Eglwys y Bedd
|Eglwys y Bedd|
The entrance to Eglwys y Bedd, through what was once the chancel arch
|Country||Wales, United Kingdom|
|Website||St Cybi's Church website|
|Heritage designation||Grade II|
|Designated||26 September 1951|
Eglwys y Bedd ("Church of the grave") (sometimes referred to as Llan y Gwyddel, or "Church of the Irishman") is all that remains of a 14th-century church in Anglesey, north Wales. It is set within the churchyard of St Cybi's, Holyhead, and may have been built on the site where Cybi (a 6th-century Celtic saint who settled in Holyhead) lived and ministered. It is reputed to house the grave of Seregri, an Irish warrior who lived in the area in the 5th century.
It is a Grade II listed building, a national designation given to "buildings of special interest, which warrant every effort being made to preserve them". It housed the first school in Holyhead in the 18th century and is now used by St Cybi's church.
History and location
Eglwys y Bedd is a medieval building in the south-west corner of the churchyard of St Cybi's, Holyhead (the principal port in Anglesey, north Wales). Cybi was a 6th-century Celtic saint who settled in Holyhead (which in Welsh is called Caergybi – "the fort of Cybi") Eglwys y Bedd may mark the original location of Cybi's cell (the place where he lived and ministered), and is located within the walls of the Roman fort that became Caer Gybi.
Archeological excavations in 1992 indicated that there had previously been another medieval building on this site. The present building dates from the early 14th century, although it was once larger than it is now: the present structure is only the nave of a larger church, the rest of which no longer exists. It was in ruins before 1748, when Thomas Ellis, the rector of St Cybi's, restored the nave for use as the first school in Holyhead. The chancel ruins were removed completely in 1810. Eglwys y Bedd is now used as a church room by St Cybi's, after restoration in 1980.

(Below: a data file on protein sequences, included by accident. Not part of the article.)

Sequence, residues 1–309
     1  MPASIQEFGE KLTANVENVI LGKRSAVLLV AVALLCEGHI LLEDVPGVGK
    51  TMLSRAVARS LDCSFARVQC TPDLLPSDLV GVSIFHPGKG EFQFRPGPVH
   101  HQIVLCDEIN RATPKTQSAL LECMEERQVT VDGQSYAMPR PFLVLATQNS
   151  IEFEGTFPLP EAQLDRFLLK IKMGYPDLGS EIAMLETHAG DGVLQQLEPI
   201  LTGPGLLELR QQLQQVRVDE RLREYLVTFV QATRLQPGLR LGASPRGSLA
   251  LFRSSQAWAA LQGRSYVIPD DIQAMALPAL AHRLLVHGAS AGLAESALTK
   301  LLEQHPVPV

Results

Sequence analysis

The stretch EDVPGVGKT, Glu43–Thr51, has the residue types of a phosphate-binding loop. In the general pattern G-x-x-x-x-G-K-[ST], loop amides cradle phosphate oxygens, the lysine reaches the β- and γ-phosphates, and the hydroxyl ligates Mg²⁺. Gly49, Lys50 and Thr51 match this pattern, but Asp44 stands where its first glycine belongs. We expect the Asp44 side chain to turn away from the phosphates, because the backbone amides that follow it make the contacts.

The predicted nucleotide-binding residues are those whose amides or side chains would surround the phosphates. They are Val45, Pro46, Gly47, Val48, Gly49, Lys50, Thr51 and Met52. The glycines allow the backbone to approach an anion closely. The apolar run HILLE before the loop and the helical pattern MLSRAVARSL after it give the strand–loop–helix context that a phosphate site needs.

Seregri, a 5th-century Irishman, is reputed to be buried here. He was the leader of a group of Irish warriors who had settled on Anglesey and who were driven out by the Welsh ruler Cadwallon Lawhir ap Einion. The antiquarian Angharad Llwyd, writing in 1833, reported that when the ruins of Eglwys y Bedd were removed, a stone coffin "containing human bones of a prodigious size" was found at the north side of the chapel where Seregri was reportedly buried.
Eglwys y Bedd measures 26 feet 9 inches by 14 feet 6 inches (8.15 by 4.42 m). It is built with grey stones and has a slate roof. The west end of the building has a window, dated to the 14th century, above a blocked 15th- or 16th-century doorway. The chancel arch at the east end is surrounded by decorative work from the 14th century. The north side has two square windows.
The building has national recognition and statutory protection from unauthorised alteration as it has been designated as a Grade II listed building – the lowest of the three grades of listing, designating "buildings of special interest, which warrant every effort being made to preserve them". It was given this status on 26 September 1951.
- What is listing? (PDF). Cadw. 2005. p. 6. ISBN 1857602226.
- Jones, Geraint I. L. (2006). Anglesey Churches. Gwasg Carreg Gwalch. p. 43. ISBN 1845270894.
- Royal Commission on Ancient and Historical Monuments in Wales and Monmouthshire (1968) . "Holyhead". An Inventory of the Ancient Monuments in Anglesey. Her Majesty's Stationery Office. p. 31.
- Charles-Edwards, T. M. (2004). "Cybi (fl. 6th cent.)". Oxford Dictionary of National Biography. Oxford University Press. Retrieved 10 September 2013.
- Wiles, John (13 July 2007). "Eglwys y Bedd or St Cybi's Vestry". Royal Commission on the Ancient and Historical Monuments of Wales. Retrieved 10 September 2013.
- Llwyd, Angharad (1833). A History of the Island of Mona. R. Jones. p. 205.
- Cadw (2009). "Capel y Bedd, Market Square". Historic Wales. Retrieved 10 September 2013.
- Haslam, Richard; Orbach, Julian; Voelcker, Adam (2009). "Anglesey". Gwynedd. The Buildings of Wales. Yale University Press. p. 130. ISBN 9780300141696.
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